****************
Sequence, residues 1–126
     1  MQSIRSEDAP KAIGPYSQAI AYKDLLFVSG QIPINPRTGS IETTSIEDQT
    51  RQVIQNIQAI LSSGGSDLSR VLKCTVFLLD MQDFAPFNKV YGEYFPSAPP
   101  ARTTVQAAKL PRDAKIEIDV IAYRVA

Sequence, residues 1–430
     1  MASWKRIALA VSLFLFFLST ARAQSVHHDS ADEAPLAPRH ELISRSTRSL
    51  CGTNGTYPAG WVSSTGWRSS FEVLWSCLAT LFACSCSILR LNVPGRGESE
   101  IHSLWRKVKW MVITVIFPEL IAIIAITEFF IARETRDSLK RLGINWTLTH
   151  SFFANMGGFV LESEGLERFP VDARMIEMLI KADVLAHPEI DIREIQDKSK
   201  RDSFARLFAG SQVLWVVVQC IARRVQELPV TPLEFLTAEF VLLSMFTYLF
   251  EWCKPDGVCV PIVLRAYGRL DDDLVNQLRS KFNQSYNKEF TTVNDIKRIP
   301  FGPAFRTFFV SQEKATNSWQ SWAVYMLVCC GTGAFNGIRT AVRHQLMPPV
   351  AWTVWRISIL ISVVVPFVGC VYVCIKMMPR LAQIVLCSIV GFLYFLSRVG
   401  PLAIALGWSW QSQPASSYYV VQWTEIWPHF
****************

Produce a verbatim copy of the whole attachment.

Sequence, residues 1–126
     1  MQSIRSEDAP KAIGPYSQAI AYKDLLFVSG QIPINPRTGS IETTSIEDQT
    51  RQVIQNIQAI LSSGGSDLSR VLKCTVFLLD MQDFAPFNKV YGEYFPSAPP
   101  ARTTVQAAKL PRDAKIEIDV IAYRVA

Sequence, residues 1–430
     1  MASWKRIALA VSLFLFFLST ARAQSVHHDS ADEAPLAPRH ELISRSTRSL
    51  CGTNGTYPAG WVSSTGWRSS FEVLWSCLAT LFACSCSILR LNVPGRGESE
   101  IHSLWRKVKW MVITVIFPEL IAIIAITEFF IARETRDSLK RLGINWTLTH
   151  SFFANMGGFV LESEGLERFP VDARMIEMLI KADVLAHPEI DIREIQDKSK
   201  RDSFARLFAG SQVLWVVVQC IARRVQELPV TPLEFLTAEF VLLSMFTYLF
   251  EWCKPDGVCV PIVLRAYGRL DDDLVNQLRS KFNQSYNKEF TTVNDIKRIP
   301  FGPAFRTFFV SQEKATNSWQ SWAVYMLVCC GTGAFNGIRT AVRHQLMPPV
   351  AWTVWRISIL ISVVVPFVGC VYVCIKMMPR LAQIVLCSIV GFLYFLSRVG
   401  PLAIALGWSW QSQPASSYYV VQWTEIWPHF